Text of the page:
Law360 Spotlights Bill Nelson’s Amicus Brief to U.S. Supreme Court on N.C. Sales Tax Decision

Law360, N.C. Chamber and The Carolina Journal

A 1944 United States Supreme Court tax ruling could have ramifications in a future U.S. Supreme Court decision, as Law360 and the Carolina Journal report in the articles “Biz Group Urges High Court to Review NC Sales Tax Ruling” and "Nation’s Highest Court Could Take Up NC Sales Tax Dispute" that examine an amicus brief that Smith Anderson attorney Bill Nelson presented to the nation’s highest court on behalf of the North Carolina Chamber Legal Institute. 

Law360 quoted Bill in the article about the institute’s bid to convince the U.S. Supreme Court to review a North Carolina Supreme Court decision that effectively overruled a 1944 United States Supreme Court precedent that limits states from imposing their sales tax on out-of-state sales. The North Carolina Chamber Legal Institute is the North Carolina business community’s organized voice for legal policy development and analysis.

The brief argues that the N.C. Supreme Court had no right to treat the 1944 decision, McLeod v. J.E. Dilworth Co. as a dead letter when the court ruled in December in favor of the N.C. Department of Revenue, which had imposed sales tax on sales made outside North Carolina by a Wisconsin company, Quad Graphics. The North Carolina justices said the Dilworth case did not matter, according to the institute, and Quad Graphics has argued in a petition to the U.S. Supreme Court that the state could have imposed its use tax on the items sold, but not sales tax.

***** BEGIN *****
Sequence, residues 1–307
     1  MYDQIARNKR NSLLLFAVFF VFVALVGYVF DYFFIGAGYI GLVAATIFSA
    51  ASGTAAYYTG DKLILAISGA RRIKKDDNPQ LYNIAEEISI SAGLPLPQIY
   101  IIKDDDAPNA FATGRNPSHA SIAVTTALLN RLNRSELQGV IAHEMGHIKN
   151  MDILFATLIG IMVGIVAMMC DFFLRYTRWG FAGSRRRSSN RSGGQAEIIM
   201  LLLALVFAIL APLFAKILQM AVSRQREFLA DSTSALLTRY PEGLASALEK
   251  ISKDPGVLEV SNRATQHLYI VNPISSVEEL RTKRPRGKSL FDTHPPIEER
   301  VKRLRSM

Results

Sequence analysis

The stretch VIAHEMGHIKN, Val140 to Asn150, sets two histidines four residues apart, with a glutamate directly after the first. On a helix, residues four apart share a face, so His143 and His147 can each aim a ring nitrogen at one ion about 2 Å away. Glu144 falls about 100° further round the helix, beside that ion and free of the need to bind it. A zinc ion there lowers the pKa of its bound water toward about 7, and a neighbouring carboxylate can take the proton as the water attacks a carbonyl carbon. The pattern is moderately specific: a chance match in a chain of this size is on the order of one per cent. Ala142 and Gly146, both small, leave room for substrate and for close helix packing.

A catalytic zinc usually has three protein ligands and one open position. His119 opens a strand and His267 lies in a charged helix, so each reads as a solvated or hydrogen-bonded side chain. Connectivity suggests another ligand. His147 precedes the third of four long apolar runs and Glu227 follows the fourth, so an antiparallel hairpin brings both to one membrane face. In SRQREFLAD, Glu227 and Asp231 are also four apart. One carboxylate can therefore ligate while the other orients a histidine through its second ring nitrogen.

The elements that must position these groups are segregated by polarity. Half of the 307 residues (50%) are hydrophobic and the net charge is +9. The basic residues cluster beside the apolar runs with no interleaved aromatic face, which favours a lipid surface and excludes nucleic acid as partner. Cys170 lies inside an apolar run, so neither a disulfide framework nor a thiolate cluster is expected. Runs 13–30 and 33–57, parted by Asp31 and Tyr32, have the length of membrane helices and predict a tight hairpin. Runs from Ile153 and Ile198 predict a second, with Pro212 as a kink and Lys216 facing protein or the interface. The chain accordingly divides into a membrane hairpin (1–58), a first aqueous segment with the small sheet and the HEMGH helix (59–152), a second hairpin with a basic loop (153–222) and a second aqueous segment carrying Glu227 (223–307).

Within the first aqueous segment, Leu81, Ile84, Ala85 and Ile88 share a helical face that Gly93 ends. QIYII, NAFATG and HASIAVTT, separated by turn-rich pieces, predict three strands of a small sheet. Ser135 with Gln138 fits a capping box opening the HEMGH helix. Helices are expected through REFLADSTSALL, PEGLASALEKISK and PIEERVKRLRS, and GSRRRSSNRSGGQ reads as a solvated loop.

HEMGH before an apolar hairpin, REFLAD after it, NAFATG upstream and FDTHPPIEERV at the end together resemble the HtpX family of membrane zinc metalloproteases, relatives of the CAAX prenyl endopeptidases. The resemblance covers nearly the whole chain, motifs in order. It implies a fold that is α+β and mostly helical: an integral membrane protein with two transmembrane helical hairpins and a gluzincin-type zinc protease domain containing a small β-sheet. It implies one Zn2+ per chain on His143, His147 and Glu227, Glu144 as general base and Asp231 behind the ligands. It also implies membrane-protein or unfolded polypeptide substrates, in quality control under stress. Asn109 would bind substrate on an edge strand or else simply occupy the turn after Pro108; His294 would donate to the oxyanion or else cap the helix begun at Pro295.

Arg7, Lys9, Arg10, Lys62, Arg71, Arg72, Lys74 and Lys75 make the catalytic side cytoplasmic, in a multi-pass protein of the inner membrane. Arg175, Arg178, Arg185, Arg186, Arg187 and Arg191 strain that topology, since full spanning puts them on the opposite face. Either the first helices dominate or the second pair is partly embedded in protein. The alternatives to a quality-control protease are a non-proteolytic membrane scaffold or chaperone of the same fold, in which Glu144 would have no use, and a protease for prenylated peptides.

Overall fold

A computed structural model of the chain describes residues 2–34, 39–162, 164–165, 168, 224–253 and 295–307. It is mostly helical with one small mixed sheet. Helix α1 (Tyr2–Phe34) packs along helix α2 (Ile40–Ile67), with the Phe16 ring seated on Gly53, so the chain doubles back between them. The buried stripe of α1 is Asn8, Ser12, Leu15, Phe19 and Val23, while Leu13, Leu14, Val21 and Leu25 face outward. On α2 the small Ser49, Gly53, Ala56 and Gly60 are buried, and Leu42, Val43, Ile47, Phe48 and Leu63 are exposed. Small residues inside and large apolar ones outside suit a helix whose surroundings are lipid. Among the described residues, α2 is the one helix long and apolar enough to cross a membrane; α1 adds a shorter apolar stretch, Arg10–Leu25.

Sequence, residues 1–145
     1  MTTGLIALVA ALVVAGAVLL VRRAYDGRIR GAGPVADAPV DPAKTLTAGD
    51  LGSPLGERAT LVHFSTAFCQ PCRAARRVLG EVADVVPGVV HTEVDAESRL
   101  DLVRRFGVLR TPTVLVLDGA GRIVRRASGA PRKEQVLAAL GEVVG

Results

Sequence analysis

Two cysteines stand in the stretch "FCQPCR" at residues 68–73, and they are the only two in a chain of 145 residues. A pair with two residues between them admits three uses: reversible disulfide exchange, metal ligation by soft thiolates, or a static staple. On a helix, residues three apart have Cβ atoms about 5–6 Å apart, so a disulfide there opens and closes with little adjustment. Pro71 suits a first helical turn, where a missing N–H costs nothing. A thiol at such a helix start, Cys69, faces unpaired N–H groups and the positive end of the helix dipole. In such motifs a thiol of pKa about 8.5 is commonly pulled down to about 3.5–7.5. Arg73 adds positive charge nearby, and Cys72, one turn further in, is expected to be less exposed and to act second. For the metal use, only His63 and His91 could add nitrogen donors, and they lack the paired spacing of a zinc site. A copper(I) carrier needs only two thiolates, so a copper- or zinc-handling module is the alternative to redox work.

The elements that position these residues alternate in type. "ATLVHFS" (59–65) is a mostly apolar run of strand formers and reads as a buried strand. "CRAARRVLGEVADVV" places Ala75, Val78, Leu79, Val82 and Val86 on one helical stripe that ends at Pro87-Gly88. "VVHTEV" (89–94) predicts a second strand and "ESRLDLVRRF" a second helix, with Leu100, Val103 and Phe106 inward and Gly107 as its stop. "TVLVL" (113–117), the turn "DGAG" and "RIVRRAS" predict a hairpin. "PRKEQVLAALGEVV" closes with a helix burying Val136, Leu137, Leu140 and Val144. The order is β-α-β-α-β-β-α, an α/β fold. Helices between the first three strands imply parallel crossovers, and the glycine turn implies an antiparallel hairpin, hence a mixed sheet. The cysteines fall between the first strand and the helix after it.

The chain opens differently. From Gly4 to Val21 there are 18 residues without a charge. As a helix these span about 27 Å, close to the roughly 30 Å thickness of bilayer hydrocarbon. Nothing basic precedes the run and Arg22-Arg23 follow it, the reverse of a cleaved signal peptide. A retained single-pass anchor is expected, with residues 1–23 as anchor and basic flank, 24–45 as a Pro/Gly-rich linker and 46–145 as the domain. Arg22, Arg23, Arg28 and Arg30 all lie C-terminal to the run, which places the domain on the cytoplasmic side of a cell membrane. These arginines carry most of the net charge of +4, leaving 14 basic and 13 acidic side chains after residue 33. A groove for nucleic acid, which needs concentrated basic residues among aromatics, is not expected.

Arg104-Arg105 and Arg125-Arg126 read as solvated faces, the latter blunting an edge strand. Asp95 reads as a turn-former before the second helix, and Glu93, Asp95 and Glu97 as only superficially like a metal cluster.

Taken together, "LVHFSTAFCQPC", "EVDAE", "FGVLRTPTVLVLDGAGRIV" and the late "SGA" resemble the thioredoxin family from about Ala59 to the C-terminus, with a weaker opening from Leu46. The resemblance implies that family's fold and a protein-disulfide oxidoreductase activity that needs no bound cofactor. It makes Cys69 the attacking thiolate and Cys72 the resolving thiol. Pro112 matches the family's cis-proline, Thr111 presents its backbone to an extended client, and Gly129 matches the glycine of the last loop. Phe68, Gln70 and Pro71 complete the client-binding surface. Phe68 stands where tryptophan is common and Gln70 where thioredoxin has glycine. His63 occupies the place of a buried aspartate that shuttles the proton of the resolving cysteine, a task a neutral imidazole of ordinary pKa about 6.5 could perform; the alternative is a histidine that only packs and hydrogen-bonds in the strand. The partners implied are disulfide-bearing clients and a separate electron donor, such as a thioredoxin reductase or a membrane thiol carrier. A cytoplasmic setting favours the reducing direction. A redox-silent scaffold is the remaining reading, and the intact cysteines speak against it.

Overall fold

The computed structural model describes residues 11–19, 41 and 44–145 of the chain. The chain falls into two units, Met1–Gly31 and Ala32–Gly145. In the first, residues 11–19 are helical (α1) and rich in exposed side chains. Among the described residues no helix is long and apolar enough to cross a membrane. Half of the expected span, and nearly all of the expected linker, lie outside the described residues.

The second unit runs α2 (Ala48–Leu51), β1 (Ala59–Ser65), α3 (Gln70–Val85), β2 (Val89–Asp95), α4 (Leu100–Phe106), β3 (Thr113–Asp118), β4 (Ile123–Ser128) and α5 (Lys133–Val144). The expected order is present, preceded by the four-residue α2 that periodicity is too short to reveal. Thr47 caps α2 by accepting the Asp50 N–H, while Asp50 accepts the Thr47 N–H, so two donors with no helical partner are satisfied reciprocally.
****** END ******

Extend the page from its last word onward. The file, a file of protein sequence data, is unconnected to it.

"Requiring state appellate courts to respect Supreme Court precedents until this court clearly disavows them is essential to our constitutional order," Bill’s brief says. "Failure to address the North Carolina Supreme Court's challenge will seriously erode this court's authority, the integrity and good order of the legal system and constitutional protections against administrative overreach.”

State courts simply cannot be allowed to "decide for themselves" when a U.S. Supreme Court precedent is no longer good law, Bill wrote. He described this as "anticipatory overruling" and said that if practiced routinely, it would lead to chaos, Law360 reports.

In the 1989 case Rodriguez de Quijas v. Shearson/American Express Inc., the U.S. Supreme Court warned other courts to "[leave] to this court the prerogative of overruling its own decisions," Bill noted in the brief.

"This court would find its time consumed with policing the lower state and federal courts," Bill wrote. "A policy of tolerating such speculation would be inherently subject to abuse."

Bill focuses his practices on issues such as transactional tax planning, tax controversies and litigation, dealing with state and federal tax authorities as administrative agencies and representing taxpayers before the North Carolina General Assembly. He has written and spoken on a variety of federal and state tax topics and has been active in a number of state tax and business law legislative reform efforts.

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